Quiz 35: Liability of Accountants and Other Professionals
Yes , this business combination violates the antitrust laws. Forming a joint venture is an effort to monopolize. It may be concluded as a creation of an unlawful monopoly where the joint venture dominates the market for a software research, development, and production. The joint venture may obtain market power by repressing competition with anticompetitive move, and not because its product is superior to others. Under Sherman Act of antitrust laws, all business contracts, or combinations that unreasonably constrain interstate and foreign trade violate the antitrust laws. This may further include agreements to fix prices among competitors, provide bids, and distribute customers. These are punishable offenses on as criminal grounds. A per se violation means no further investigation is required of a conduct's effects on the market competitiveness because its intentions are so clear and obvious. Joint venture between A and B is a per say violation as it involves contract or conspiracy that clearly violates the antitrust laws. The joint venture limits competition, and thus reduces productivity. The merger was formed by A and B where B was a surviving firm. If the resulting merger is likely to increase the price paid by the consumers for their goods and services, the merger would be held in violation of antitrust laws. Further, there would be violation of antitrust laws if the merger harms the competition in the market.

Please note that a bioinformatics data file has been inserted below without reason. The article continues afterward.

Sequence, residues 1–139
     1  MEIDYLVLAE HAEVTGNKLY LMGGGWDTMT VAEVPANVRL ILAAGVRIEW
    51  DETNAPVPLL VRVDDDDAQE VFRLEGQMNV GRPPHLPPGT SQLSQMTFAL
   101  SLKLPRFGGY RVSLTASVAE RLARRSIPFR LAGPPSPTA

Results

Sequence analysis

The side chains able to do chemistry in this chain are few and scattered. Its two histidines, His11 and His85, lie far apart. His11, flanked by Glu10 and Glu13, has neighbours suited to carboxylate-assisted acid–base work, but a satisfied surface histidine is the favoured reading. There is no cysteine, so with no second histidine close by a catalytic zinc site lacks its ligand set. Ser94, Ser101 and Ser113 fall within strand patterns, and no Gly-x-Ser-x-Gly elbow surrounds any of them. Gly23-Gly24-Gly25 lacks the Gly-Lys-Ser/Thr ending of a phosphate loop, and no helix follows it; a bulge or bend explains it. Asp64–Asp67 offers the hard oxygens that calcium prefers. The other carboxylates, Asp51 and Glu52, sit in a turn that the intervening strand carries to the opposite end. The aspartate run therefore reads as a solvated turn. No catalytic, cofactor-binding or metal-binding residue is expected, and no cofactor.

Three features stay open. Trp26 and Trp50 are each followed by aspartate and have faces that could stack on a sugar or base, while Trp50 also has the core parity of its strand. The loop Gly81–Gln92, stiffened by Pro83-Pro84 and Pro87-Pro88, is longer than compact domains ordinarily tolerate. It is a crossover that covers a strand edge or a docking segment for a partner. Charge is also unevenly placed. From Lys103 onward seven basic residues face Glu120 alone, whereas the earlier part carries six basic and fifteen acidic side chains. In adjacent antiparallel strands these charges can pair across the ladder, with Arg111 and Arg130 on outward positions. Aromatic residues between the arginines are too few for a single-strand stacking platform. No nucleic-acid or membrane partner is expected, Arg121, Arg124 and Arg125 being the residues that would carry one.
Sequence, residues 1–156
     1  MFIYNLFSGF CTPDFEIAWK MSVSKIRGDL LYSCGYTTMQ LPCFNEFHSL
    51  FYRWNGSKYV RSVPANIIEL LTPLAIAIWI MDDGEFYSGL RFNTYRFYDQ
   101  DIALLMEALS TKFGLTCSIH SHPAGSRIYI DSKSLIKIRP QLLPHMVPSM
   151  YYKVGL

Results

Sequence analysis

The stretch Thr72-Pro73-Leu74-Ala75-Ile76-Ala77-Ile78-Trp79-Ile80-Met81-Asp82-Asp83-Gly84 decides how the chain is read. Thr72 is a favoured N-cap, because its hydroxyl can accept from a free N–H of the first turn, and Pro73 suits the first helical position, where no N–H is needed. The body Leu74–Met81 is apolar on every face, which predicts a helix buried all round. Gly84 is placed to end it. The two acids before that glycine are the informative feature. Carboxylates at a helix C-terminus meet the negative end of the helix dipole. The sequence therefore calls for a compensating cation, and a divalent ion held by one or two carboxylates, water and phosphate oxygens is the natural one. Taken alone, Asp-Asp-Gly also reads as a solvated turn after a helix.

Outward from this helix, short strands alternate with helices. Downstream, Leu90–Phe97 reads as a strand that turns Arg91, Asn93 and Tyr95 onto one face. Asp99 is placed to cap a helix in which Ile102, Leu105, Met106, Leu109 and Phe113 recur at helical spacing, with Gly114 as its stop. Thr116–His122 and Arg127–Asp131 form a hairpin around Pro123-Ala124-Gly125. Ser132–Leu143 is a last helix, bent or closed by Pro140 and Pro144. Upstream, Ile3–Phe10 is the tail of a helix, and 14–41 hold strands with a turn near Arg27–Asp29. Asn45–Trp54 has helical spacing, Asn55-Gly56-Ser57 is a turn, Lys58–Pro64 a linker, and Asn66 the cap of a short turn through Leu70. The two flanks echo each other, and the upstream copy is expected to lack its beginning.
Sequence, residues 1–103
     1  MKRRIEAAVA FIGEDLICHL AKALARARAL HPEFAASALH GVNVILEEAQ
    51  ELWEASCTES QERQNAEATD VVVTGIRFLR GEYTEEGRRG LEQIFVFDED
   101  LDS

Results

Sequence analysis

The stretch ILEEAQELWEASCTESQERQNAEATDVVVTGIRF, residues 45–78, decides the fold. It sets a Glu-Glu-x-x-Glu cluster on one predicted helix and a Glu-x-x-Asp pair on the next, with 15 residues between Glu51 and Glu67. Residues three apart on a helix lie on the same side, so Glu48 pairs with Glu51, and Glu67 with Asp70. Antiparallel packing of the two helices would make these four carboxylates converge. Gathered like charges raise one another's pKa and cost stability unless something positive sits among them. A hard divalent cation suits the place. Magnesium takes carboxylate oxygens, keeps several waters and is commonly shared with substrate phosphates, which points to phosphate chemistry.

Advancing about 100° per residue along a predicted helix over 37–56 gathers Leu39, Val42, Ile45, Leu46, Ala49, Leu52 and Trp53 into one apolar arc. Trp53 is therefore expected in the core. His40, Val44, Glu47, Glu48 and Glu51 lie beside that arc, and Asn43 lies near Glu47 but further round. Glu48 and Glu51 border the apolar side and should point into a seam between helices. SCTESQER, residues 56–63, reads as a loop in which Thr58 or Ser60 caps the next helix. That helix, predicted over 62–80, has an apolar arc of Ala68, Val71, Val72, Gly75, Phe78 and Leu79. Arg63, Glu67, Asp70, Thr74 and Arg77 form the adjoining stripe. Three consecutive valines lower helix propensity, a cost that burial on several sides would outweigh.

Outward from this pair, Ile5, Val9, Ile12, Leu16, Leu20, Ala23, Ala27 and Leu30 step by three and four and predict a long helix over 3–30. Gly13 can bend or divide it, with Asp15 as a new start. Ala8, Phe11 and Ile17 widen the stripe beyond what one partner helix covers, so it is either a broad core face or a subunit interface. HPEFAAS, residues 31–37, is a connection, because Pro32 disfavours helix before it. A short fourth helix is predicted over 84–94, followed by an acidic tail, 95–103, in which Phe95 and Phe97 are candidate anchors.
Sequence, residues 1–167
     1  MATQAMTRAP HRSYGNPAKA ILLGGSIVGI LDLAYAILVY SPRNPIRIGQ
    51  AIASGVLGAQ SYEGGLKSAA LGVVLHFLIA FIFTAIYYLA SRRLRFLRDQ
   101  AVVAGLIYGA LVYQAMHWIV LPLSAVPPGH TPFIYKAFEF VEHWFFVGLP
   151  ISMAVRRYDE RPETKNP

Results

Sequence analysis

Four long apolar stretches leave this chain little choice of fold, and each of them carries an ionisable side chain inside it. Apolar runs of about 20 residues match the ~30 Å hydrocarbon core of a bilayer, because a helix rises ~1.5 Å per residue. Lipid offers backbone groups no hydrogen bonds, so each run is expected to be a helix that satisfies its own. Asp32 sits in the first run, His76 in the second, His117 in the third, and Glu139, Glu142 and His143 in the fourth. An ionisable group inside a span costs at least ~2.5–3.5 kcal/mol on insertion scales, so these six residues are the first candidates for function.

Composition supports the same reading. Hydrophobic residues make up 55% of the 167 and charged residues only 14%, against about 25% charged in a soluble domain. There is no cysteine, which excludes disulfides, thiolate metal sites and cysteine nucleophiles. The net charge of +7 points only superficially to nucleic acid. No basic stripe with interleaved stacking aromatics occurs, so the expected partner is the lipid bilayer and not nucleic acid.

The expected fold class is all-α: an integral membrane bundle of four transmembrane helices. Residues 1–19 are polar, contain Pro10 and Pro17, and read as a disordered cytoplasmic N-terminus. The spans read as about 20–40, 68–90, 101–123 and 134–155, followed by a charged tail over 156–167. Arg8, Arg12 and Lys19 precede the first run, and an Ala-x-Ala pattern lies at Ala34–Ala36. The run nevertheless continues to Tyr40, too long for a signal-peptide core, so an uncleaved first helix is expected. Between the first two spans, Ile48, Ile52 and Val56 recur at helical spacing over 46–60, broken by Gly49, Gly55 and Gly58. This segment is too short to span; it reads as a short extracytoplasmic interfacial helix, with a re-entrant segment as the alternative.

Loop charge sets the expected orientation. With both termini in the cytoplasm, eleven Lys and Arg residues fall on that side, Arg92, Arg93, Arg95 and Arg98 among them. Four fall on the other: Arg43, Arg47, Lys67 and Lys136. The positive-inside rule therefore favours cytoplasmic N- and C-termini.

Professionals may be liable to clients under the following common law theories: (a)Breach of contract: Any failure of the professional to perform as per the terms and obligations of the contract may be held liable for the breach of contract and damages caused as a result of the same. (b)Negligence: A professional must perform his or her duties with the care, knowledge, and judgment usually used by the professionals in the same or similar situations. If a professional fails to do so, it will be considered as negligence. Any accountant's violation of (Generally Accepted Accounting Principles) and GAAS (Generally Accepted Auditing Standards) is prima fade evidence of negligence. An accountant can be held liable for revealing confidential information or the contents of working papers without the client's consent or any such malpractice. (c)Fraud: A professional's actual intent to misrepresent a material fact to a client, and the client believes the misrepresentation to his/her injury, is fraud. Gross negligence in performing professional duty is a constructive fraud.
Generally accepted accounting principles are a general framework of conventions, rules, and procedures for financial accounting. Perkins failure to abide by generally accepted accounting principles may hold him liable for the damages caused to the client, Tucker. His negligence in preparing financial statement resulted in seriously inaccurate results. As a consequence, Perkins will be liable for the losses suffered by Tucker. Ultramares Rule states that liability will be imposed only in the presence privity or near privity of the third party with the accountant. Yes , Tucker can recover damages from Perkins. Molly Tucker, being Larkin's creditors, was a third party whose relationship with Perkin was "so close as to approach that of privity".
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